The Purpose of a Creditor’s Property Lien

by Isaac Benmergui, Esq on February 19, 2014

There’s no way around it: real estate law hates debt. Loathes it. So it would do a renter or homeowner well to try and avoid it. Whenever there’s debt compiling due to some property mortgage or rent payment, there are a variety of collection methods available, most depending on the policy of the company collecting. Traditional methods include all the standard calls and letters we get, the ones we want to avoid, but this one is the most hard-hitting action that can take place – and it’s often the one we as homeowners and renters can’t avoid – the “property lien.”homes

Don’t be afraid, though – because as I say, it can be avoided just by making your payments every single time. By real estate law, if a debtor fails to catch up on debt or even respond to creditors in any way, quite frankly, a lien may be the only recourse. It is often referred to as a “judgment lien,” one ordered by the court, rendering it completely legal and with enforcement backing it up.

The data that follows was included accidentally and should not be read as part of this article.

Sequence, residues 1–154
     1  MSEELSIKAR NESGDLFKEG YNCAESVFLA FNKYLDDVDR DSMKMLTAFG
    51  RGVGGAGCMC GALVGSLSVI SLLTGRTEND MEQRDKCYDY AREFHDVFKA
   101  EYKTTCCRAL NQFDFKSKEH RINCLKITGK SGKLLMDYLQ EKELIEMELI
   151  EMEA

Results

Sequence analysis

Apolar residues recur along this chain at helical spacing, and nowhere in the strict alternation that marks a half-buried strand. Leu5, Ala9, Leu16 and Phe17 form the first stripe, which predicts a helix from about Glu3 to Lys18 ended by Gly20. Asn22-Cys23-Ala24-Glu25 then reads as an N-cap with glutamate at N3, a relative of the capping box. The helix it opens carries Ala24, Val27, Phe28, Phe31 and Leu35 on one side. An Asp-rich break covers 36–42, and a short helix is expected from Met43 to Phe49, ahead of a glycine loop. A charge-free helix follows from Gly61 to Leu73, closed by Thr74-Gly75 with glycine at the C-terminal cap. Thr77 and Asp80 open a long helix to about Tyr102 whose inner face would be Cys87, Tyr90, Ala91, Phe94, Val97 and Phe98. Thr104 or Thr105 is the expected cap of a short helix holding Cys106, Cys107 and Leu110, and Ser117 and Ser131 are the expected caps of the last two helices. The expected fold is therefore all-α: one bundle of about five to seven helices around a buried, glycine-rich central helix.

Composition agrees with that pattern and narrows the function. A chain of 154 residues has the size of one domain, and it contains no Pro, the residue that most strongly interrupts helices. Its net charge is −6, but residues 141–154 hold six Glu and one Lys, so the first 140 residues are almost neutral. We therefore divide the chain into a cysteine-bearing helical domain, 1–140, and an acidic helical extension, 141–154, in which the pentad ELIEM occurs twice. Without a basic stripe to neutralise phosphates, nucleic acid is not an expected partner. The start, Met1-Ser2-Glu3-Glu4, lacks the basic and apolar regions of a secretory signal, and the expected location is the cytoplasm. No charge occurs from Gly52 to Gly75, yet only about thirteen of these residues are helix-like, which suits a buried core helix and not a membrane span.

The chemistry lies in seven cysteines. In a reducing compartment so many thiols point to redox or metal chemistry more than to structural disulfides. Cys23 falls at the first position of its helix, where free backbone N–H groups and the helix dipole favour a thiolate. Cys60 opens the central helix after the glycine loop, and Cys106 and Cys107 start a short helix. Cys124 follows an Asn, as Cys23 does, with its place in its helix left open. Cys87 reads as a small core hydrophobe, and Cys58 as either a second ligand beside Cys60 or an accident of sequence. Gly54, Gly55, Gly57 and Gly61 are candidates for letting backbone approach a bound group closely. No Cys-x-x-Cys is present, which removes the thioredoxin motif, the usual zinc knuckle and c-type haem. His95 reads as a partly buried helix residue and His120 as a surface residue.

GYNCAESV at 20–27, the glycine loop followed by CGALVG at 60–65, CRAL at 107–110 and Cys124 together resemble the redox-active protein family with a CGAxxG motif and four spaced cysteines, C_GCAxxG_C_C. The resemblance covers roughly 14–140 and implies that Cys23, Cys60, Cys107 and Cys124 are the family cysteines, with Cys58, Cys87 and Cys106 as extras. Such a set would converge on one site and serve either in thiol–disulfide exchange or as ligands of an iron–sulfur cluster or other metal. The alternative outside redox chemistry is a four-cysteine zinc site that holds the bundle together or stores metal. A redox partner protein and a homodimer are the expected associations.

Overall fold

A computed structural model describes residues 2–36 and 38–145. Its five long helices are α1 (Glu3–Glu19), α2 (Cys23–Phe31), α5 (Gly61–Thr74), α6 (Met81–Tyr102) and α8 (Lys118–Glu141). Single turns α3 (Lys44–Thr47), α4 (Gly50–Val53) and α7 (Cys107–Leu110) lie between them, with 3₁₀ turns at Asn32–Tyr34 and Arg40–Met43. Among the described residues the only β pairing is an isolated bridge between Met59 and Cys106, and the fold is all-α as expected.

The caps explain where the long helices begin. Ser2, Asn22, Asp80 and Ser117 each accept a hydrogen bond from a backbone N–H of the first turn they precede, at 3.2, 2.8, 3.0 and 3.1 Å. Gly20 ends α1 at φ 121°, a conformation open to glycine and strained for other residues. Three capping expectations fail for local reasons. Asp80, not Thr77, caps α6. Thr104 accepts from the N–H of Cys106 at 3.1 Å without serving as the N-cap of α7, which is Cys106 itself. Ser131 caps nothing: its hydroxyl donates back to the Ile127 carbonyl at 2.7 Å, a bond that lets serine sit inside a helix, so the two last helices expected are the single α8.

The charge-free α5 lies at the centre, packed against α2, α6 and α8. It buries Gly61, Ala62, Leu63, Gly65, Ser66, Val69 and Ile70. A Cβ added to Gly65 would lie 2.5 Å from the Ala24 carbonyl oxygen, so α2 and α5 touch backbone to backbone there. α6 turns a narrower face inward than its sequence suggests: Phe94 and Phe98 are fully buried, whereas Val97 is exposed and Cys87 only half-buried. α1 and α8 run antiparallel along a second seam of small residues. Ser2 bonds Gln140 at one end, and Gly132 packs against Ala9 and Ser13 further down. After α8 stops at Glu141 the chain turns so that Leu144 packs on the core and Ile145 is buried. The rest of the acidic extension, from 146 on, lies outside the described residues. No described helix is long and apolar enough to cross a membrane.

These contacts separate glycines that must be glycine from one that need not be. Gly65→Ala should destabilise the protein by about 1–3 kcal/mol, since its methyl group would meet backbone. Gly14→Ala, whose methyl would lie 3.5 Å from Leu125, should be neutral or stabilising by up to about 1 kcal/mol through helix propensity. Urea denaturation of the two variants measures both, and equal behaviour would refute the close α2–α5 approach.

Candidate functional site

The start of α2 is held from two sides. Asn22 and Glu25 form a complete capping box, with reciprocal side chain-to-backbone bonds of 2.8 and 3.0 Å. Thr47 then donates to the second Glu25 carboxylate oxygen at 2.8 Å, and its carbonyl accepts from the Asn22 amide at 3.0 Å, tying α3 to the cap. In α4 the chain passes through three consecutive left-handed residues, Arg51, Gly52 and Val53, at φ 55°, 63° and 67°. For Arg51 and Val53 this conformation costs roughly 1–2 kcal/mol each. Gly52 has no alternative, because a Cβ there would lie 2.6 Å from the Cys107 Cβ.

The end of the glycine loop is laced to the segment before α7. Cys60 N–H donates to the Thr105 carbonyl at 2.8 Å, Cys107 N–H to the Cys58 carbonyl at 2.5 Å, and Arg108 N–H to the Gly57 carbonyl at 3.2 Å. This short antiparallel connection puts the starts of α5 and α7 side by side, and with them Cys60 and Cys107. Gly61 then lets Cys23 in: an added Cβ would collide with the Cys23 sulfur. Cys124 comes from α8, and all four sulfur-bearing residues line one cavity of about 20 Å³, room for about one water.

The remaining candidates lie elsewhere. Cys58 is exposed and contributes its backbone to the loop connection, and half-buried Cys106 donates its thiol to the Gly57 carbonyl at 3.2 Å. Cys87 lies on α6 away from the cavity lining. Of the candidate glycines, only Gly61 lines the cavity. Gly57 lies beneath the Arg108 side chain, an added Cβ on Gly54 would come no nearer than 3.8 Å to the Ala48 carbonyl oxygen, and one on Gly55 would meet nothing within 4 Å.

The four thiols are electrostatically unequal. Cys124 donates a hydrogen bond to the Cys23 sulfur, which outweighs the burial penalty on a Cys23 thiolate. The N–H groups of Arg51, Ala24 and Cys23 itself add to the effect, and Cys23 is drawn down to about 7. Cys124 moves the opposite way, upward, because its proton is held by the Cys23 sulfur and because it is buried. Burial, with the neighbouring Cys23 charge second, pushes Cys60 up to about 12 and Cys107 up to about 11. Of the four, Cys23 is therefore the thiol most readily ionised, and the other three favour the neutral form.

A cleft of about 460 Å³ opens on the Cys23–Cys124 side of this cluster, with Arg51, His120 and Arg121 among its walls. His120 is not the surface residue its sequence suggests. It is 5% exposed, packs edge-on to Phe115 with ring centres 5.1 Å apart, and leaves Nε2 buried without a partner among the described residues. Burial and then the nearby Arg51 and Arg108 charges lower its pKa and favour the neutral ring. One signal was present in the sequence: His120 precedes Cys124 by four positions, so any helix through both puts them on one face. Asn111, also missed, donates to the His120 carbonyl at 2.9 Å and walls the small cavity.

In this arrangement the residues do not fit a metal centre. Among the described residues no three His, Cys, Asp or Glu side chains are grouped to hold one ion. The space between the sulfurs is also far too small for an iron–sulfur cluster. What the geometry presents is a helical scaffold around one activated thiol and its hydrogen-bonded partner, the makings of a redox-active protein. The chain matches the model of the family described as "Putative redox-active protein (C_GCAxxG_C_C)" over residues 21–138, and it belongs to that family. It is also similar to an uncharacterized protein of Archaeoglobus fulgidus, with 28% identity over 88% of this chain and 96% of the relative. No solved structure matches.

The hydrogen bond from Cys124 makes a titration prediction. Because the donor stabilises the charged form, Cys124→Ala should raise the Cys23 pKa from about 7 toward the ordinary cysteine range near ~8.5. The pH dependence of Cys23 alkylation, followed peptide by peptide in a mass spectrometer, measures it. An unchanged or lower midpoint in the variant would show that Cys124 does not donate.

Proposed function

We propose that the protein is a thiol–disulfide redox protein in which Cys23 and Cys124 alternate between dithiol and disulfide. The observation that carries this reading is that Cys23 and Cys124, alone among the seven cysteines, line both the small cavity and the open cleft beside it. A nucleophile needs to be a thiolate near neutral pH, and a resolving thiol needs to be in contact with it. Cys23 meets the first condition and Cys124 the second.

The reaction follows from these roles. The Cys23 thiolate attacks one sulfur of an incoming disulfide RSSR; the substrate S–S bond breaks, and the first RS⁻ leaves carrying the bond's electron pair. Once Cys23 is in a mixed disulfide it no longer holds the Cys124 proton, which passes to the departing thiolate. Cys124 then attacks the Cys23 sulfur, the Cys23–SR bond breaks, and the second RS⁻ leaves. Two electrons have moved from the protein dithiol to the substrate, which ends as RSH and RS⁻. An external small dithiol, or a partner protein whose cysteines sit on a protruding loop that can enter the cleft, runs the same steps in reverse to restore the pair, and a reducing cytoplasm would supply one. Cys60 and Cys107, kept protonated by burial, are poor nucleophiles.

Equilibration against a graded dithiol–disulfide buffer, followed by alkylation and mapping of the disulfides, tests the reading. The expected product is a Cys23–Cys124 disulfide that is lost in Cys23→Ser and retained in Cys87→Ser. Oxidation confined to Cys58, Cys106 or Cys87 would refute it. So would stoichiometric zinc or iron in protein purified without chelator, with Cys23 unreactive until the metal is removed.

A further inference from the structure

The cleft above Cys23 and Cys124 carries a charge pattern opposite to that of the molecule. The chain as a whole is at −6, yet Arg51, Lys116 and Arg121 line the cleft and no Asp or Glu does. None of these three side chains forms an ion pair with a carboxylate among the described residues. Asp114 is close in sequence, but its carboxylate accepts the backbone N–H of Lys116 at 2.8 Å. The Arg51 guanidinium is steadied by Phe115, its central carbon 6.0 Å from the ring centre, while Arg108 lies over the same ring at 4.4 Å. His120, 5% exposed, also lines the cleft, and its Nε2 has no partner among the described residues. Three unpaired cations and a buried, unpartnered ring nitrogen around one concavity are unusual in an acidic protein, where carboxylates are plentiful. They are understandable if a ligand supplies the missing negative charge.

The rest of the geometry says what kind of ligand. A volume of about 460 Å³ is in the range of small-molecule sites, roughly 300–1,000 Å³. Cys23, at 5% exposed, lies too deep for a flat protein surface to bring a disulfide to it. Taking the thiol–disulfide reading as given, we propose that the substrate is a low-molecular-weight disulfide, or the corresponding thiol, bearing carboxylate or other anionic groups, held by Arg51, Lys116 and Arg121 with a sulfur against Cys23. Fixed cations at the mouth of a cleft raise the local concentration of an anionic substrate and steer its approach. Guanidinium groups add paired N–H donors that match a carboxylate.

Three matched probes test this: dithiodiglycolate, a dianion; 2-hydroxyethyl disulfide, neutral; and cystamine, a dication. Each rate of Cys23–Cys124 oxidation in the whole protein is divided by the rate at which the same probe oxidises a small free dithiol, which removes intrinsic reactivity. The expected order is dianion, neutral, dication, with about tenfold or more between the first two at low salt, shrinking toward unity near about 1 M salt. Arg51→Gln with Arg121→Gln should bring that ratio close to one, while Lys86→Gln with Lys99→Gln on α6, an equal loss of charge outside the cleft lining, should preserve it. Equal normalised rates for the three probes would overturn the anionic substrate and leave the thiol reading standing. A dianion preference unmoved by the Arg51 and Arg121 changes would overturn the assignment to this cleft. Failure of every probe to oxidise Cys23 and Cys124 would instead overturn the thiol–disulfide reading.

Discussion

However, there is a timeframe by which a lien must be processed, and it all depends on when the creditor files a lawsuit against the debtor in question. Wait too long, and the lawsuit for the lien won’t fly in court, unless the debtor doesn’t contest it in court. By law, that lien when made effective by the court will remain active until the entire debt is paid off. The lien, too, has basically a timeframe, meaning it can expire. However, for the most part, creditors can renew it if there’s still a remaining balance for the debtor to cover.

It may be nothing more than a piece of paper, though, but there’s power behind it. It allows the creditor the power to force a debtor into court and present any relevant and available assets for possible determination of judgment. However the debtor can pay, will be the way it’s paid. It’s a legal action. Whatever you do, you definitely don’t want to let a lien sit there – or else you’re giving a creditor the jurisdiction to request a “writ of execution,” effectively foreclosing on the property and leaving you high and dry!

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